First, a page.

Infrastructure shortage challenges new education curriculum
  • By My Ha | | January 10, 2019 09:35 PM
The lack of infrastructure is said to pose a big challenge for the implementation of the new National Curriculum for Primary and Secondary Education.

According to Pham Hung Anh, head of school Facilities and Equipment Department of the Ministry of Education and Training, currently, the country has 567,012 classrooms, including 424,757 qualified ones with high schools accounting for 93.9%, followed by secondary schools with 83.4%, primary schools with 72.2% and nursery schools with 64.9%. 


Many schools face classroom shortage

The northern mountainous, Central Highlands and southwestern regions have the lowest rate of consolidated classrooms. Meanwhile, these localities also fail to ensure 50% of the minimum teaching and learning equipment requirement.

Nguyen Minh Tuong, director of Phu Tho Province’s Department of Education and Training, the province would need around VND8 trillion (USD347.82 million) on infrastructure investment for the new curriculum implementation. However, this investment is quite big for the province, so it will be focused on primary schools first.

Chu Xuan Dung, Director of Hanoi’s Department of Education and Training, said the capital is also struggling with classroom shortages. The department has proposed municipal authorities to approve a project of building additional 222 new schools in the 2016-2020 period.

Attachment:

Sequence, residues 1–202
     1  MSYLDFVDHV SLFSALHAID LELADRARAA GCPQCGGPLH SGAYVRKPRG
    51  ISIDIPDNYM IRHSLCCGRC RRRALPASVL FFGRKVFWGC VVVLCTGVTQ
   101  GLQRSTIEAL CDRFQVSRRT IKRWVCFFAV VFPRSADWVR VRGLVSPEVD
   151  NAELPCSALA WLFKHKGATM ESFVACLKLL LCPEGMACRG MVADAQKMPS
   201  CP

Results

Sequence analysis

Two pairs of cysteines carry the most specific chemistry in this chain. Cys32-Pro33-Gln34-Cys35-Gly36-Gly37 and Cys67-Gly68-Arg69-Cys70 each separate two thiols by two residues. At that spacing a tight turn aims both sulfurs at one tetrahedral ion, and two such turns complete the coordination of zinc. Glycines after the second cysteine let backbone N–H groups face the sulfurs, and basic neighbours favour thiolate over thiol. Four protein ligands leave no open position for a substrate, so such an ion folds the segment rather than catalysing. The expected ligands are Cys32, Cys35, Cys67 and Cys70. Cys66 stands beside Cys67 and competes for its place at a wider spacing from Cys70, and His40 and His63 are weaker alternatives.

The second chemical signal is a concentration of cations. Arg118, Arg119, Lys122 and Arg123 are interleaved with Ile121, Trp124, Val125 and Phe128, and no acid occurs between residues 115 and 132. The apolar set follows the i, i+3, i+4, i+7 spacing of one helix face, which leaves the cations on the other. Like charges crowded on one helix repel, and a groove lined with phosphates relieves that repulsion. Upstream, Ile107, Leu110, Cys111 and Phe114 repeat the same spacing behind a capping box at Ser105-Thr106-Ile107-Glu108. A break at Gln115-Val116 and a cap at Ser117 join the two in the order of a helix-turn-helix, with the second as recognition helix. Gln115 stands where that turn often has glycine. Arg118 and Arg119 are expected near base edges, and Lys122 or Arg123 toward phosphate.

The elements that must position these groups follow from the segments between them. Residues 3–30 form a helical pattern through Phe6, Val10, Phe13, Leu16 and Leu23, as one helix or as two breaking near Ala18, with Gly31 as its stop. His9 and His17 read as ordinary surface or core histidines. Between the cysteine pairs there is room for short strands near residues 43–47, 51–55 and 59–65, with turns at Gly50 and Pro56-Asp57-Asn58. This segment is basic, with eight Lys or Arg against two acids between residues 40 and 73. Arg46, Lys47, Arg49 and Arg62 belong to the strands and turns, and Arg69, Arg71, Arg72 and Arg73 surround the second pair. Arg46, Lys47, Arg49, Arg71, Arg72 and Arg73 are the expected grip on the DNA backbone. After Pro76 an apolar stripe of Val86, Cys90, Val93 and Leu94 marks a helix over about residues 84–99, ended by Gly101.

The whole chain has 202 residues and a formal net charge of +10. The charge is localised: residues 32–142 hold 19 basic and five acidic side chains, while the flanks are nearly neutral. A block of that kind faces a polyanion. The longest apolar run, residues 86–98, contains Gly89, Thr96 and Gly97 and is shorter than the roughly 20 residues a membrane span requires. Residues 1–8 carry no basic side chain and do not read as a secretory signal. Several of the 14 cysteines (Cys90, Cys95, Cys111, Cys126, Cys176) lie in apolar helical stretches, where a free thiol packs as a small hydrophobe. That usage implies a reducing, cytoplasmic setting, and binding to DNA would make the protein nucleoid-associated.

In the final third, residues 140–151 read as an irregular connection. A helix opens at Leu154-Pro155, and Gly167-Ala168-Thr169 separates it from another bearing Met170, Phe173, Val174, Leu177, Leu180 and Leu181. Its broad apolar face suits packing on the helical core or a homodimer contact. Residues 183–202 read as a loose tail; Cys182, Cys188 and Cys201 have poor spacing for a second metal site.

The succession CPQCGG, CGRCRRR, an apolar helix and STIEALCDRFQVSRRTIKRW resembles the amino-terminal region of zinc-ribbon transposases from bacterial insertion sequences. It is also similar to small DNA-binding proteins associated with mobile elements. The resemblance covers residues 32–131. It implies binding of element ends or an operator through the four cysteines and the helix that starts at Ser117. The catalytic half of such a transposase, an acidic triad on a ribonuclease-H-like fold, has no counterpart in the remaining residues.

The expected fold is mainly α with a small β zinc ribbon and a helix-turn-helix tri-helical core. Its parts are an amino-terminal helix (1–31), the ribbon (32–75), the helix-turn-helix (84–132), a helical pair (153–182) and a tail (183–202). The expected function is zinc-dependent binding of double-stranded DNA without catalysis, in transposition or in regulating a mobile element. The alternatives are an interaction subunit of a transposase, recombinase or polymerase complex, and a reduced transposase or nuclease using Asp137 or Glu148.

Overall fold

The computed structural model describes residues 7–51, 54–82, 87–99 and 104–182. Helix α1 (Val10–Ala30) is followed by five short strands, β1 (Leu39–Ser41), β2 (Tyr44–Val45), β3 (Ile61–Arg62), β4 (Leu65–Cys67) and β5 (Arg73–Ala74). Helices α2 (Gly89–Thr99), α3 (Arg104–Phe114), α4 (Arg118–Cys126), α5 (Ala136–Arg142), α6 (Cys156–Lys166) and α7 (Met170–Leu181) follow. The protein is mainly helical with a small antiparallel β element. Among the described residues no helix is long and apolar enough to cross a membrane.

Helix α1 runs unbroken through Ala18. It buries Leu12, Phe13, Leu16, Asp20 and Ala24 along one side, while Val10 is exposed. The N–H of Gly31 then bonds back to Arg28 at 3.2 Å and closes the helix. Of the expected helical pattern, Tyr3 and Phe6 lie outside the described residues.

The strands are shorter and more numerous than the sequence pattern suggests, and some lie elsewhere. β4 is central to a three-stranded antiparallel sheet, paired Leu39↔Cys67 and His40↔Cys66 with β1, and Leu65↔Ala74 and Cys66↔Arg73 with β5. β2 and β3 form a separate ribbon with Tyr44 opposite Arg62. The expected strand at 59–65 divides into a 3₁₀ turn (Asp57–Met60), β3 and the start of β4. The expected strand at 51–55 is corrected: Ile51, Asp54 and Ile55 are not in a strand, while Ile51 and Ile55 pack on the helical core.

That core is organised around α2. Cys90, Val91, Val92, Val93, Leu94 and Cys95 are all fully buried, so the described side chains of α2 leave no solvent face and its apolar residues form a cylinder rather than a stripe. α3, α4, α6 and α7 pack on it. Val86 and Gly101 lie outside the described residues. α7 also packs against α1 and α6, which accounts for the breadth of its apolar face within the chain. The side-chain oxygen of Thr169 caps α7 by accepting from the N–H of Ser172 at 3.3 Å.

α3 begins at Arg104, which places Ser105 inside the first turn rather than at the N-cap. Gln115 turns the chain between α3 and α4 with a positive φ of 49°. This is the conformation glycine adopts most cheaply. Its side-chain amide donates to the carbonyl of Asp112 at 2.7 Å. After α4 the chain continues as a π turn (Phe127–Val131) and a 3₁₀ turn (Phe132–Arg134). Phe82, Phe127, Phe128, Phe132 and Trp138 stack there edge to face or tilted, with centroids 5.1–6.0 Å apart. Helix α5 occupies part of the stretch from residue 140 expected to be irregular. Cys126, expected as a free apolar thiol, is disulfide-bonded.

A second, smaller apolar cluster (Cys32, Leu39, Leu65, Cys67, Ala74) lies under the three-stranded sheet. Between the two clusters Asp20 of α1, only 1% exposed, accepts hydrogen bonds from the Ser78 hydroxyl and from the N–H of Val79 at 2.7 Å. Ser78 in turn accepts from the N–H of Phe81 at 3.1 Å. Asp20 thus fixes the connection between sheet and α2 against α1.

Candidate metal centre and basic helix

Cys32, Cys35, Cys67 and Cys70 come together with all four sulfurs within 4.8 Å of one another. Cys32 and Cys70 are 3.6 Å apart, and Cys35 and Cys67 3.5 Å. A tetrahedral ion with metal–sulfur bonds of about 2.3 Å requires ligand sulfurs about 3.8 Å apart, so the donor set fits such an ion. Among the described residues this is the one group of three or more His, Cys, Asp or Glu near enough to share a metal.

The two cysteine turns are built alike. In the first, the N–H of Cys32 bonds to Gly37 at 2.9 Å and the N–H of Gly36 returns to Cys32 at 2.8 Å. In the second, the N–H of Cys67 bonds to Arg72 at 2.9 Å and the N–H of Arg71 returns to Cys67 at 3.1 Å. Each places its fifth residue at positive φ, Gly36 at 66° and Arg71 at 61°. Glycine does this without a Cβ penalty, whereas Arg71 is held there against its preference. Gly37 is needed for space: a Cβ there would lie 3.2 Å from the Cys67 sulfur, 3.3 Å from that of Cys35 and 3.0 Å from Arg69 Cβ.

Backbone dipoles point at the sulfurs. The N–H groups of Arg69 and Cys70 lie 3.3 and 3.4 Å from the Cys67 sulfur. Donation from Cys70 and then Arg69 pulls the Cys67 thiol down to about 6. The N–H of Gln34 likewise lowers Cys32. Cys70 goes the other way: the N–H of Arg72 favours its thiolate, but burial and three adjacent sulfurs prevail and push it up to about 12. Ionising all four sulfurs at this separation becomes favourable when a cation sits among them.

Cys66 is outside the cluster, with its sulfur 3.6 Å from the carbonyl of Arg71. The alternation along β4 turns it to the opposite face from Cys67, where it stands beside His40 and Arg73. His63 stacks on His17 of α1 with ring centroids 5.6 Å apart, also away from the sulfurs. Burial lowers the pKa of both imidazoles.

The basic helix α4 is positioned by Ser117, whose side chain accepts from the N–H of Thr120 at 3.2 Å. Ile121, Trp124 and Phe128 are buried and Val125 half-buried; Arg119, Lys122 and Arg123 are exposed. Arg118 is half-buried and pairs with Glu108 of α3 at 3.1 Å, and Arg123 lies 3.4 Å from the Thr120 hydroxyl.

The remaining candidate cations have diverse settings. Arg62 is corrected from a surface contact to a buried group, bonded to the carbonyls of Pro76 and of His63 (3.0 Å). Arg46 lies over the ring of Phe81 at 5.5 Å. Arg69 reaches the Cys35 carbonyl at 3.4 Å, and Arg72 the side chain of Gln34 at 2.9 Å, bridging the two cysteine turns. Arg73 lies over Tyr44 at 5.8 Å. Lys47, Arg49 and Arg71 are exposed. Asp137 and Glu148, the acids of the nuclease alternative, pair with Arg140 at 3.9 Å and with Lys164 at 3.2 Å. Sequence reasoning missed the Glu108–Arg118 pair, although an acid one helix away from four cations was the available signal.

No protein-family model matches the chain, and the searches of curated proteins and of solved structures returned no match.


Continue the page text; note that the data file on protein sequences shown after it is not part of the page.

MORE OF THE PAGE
Dung expected that the Ministry of Education and Training to issue regulations on minimum infrastructure requirements for the new curriculum programme as well as solutions to ease overload for schools in big cities like Hanoi and HCM City.

At an online meeting held by the Ministry of Education and Training on January 9 about preparations for the new curriculum implementation, Anh said that primary schools need to ensure one class to have one room, while secondary and high schools need to achieve a ratio of 0.6 classes per room.

Regarding the equipment, the Ministry of Education and Training will revise the list of necessary equipment with the focus on IT aspect to suit the new curriculum programme. The list for Grade 1 is expected to be launched in the first quarter of this year, while the one for other grades will be introduced one year after that.

The ministry has asked localities to define their own infrastructure demand between 2017 and 2020.

At the event, Minister of Education and Training Phung Xuan Nha said that the ministry will join hands with localities for the programme implementation. Disadvantaged localities will be supported.

The ministry has also co-operated with the Ministry of Education and Training to adjust the school area to ease the student overload for many schools.

The new programme requires pupils to take two classes per day or at least six classes per week. A standard classroom should have 35 students at the primary level and 45 students at elementary level. Classrooms should be spacious enough to organise tables and chairs in groups.

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